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Minnesota achieves another high ranking in AARP scorecard for long-term services and supports

Minnesota trades places with No. 1-ranking Washington; both cited as “consistently leading the pack” of states for long-term care

6/22/2017 2:52:25 PM

Minnesota’s number two ranking in the AARP Long-term Services and Supports State Scorecard for older adults and people with disabilities continues to show the state’s strong leadership in providing services to those populations where and how they choose.
“Although Minnesota has enjoyed ranking number one on the scorecard the first two times it was issued, in 2011 and 2014, we are pleased to know that AARP considers Minnesota and Washington to be leading all of the 50 states with its long-term services and supports for older adults and people with disabilities,” Human Services Commissioner Emily Piper said. “This is a result of Minnesota putting emphasis on services in people’s homes and communities, offering information so consumers can make informed choices, rewarding quality care and considering the needs of vital family caregivers.”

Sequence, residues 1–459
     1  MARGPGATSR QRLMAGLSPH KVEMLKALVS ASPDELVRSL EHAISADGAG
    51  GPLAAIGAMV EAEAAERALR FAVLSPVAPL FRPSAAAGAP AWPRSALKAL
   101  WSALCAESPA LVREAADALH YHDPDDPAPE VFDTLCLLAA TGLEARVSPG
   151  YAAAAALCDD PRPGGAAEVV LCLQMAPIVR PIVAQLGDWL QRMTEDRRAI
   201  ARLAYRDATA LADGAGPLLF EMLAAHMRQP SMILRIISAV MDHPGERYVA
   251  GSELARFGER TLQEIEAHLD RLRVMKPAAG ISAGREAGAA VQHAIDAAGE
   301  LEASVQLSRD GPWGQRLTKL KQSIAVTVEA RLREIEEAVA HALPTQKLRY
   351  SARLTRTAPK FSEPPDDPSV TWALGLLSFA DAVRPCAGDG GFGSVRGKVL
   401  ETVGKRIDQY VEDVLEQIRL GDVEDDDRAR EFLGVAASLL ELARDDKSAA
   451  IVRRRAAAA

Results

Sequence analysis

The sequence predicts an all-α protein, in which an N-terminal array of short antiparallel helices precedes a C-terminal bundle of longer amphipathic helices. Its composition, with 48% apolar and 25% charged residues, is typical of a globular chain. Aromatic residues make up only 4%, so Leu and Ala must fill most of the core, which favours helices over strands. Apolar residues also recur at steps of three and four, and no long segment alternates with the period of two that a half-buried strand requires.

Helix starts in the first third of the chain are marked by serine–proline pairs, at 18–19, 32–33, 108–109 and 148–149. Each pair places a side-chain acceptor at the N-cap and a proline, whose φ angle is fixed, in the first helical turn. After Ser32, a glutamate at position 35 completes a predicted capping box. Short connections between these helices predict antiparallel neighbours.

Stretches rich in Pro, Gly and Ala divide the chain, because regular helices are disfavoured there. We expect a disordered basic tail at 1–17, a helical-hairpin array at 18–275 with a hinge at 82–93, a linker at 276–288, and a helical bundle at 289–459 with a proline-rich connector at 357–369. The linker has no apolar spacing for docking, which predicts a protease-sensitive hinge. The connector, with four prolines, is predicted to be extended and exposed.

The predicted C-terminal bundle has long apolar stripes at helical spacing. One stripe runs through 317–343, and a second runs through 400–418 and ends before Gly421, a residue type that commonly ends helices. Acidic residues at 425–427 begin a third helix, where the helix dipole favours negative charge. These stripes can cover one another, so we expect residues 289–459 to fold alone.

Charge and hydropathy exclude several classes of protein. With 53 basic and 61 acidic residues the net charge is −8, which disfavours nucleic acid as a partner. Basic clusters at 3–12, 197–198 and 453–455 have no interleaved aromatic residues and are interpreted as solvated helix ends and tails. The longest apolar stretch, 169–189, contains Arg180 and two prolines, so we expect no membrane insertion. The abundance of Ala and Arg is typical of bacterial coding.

The scorecard ranks states based on their performance on long-term services and supports in affordability and access, choice of setting and provider, quality of life and quality of care, support for family caregivers and effective transitions between nursing homes, hospitals and homes.
AARP said the scorecards published in 2011, 2014 and 2017 all have somewhat different methodologies and indicator sets, due primarily to changes in data availability. 
“Ranks are not directly comparable between years, but the results across all three editions of the Scorecard indicate that Washington and Minnesota are consistently leading the pack,” the report said.
With baby boomers beginning to turn 80 in 2026, states must accelerate the pace of improving long-term services and supports for older adults and people with disabilities, AARP said. While the scorecard shows that most states have made progress, the scorecard shows that “the pace of change overall remains too slow and has not kept up with demographic demands.
More information about the scorecard is available at
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